3. According to the town’s comprehensive plan, Kiawah is a residential community, as opposed to a commercial community.
  4. The goal is to preserve the residential character of Kiawah.
  5. The tendency for people to rent less space than needed for the number of people staying in a unit poses a fire and safety risk.
  6. License supplies will be controlled by price, with higher fees being charged for first-time requests to prevent hoarding.
  7. The town isn’t trying to control rentals so much as control the increase in the number of rental units.
  8. The town is not taking away or even reducing the number of rentals.
  9. Units zoned R3 (multi-family units – windswept) are completely unaffected by the ordinance.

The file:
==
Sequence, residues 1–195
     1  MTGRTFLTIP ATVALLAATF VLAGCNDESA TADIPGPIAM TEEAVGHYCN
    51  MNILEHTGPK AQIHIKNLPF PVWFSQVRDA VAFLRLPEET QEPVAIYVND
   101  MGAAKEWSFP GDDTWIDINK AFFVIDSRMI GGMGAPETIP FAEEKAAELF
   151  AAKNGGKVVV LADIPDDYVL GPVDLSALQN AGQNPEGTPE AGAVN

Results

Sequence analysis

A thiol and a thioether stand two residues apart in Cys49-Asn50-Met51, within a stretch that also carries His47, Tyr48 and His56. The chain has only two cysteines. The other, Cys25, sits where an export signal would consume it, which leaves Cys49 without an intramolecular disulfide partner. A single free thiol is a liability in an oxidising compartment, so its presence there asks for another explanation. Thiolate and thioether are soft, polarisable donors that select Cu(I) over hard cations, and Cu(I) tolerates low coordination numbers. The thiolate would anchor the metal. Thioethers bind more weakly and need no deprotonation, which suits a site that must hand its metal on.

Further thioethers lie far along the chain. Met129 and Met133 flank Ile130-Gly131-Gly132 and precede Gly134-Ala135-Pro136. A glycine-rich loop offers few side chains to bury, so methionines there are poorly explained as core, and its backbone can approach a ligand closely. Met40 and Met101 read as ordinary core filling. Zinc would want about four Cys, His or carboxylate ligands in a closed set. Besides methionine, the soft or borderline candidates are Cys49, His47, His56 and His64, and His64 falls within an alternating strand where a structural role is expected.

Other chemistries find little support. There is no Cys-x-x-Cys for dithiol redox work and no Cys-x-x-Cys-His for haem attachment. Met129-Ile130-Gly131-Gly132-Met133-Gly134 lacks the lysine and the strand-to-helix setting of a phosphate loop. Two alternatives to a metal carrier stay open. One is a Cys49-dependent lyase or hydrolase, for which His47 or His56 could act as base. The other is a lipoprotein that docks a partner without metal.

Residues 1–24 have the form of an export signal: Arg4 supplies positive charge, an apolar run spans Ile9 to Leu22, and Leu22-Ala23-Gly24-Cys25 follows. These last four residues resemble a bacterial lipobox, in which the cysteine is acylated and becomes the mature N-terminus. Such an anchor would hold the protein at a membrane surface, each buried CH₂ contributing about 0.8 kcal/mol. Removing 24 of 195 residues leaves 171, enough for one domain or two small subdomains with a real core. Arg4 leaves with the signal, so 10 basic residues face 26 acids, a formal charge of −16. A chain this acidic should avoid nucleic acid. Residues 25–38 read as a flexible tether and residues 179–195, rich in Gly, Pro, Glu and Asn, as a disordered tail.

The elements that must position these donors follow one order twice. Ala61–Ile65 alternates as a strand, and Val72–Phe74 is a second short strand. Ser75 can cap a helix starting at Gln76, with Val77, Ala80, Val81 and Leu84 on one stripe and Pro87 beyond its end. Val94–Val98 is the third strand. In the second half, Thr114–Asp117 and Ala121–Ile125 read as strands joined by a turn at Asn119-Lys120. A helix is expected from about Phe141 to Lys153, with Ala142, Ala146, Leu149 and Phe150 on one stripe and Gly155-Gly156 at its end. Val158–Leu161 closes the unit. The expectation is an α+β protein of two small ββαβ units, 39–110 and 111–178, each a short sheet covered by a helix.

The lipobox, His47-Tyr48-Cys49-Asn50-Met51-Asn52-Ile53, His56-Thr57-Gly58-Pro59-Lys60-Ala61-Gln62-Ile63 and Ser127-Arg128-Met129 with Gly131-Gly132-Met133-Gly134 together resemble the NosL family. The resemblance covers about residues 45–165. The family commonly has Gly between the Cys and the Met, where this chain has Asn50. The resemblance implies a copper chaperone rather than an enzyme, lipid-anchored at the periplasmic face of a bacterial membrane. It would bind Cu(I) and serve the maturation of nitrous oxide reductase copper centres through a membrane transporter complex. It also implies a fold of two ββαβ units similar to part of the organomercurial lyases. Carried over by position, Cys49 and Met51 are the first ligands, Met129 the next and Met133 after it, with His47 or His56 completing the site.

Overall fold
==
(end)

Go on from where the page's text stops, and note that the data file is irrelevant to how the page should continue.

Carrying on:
10. Units zoned R2 (stand-alone condos like Night Heron) are mostly unaffected by the change.
  11. Units zoned R1 (single-family homes like those beyond the V-gate) can grow in number by 60%, or around 200 more than are currently available for rent.
  12. The mayor noted that the town will have to take over some of the Kiawah Island Community Association’s enforcement responsibilities.
  13. Town Administrator Stephanie Tillerson noted that additional staff would be required.

 The roll call vote seemed unnecessary, since ordinance 2019-08 passed its first reading unanimously along with its companion, ordinance 2019-07.

 The town’s administrator noted that the town participated in removing 1,000 loads of debris produced by Hurricane Dorain.

The mayor, likewise, had only a single announcement: A new medical facility/urgent care center is going in on Seabrook Island Road, where Lulu’s restaurant used to be.